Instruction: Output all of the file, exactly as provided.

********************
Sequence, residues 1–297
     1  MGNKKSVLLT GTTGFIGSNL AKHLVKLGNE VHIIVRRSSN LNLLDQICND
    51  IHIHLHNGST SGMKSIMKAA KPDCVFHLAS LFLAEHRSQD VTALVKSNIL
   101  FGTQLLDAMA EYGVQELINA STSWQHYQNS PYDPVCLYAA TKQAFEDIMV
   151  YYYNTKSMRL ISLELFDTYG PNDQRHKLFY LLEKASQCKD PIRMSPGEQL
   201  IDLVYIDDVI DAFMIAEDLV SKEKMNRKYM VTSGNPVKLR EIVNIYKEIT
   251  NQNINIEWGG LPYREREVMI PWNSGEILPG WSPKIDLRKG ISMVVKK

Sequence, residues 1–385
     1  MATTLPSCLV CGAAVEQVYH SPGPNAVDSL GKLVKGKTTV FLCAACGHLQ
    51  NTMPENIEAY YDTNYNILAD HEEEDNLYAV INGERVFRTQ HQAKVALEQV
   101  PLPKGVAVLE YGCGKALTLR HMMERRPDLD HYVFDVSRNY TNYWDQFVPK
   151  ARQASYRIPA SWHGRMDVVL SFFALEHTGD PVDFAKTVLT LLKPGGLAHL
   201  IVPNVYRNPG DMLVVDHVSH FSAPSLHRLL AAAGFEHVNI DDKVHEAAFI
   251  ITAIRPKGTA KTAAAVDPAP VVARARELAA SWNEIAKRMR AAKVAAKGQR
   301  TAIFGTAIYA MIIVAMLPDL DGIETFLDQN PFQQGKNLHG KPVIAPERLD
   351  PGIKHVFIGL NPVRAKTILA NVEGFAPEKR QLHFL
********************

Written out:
Sequence, residues 1–297
     1  MGNKKSVLLT GTTGFIGSNL AKHLVKLGNE VHIIVRRSSN LNLLDQICND
    51  IHIHLHNGST SGMKSIMKAA KPDCVFHLAS LFLAEHRSQD VTALVKSNIL
   101  FGTQLLDAMA EYGVQELINA STSWQHYQNS PYDPVCLYAA TKQAFEDIMV
   151  YYYNTKSMRL ISLELFDTYG PNDQRHKLFY LLEKASQCKD PIRMSPGEQL
   201  IDLVYIDDVI DAFMIAEDLV SKEKMNRKYM VTSGNPVKLR EIVNIYKEIT
   251  NQNINIEWGG LPYREREVMI PWNSGEILPG WSPKIDLRKG ISMVVKK

Sequence, residues 1–385
     1  MATTLPSCLV CGAAVEQVYH SPGPNAVDSL GKLVKGKTTV FLCAACGHLQ
    51  NTMPENIEAY YDTNYNILAD HEEEDNLYAV INGERVFRTQ HQAKVALEQV
   101  PLPKGVAVLE YGCGKALTLR HMMERRPDLD HYVFDVSRNY TNYWDQFVPK
   151  ARQASYRIPA SWHGRMDVVL SFFALEHTGD PVDFAKTVLT LLKPGGLAHL
   201  IVPNVYRNPG DMLVVDHVSH FSAPSLHRLL AAAGFEHVNI DDKVHEAAFI
   251  ITAIRPKGTA KTAAAVDPAP VVARARELAA SWNEIAKRMR AAKVAAKGQR
   301  TAIFGTAIYA MIIVAMLPDL DGIETFLDQN PFQQGKNLHG KPVIAPERLD
   351  PGIKHVFIGL NPVRAKTILA NVEGFAPEKR QLHFL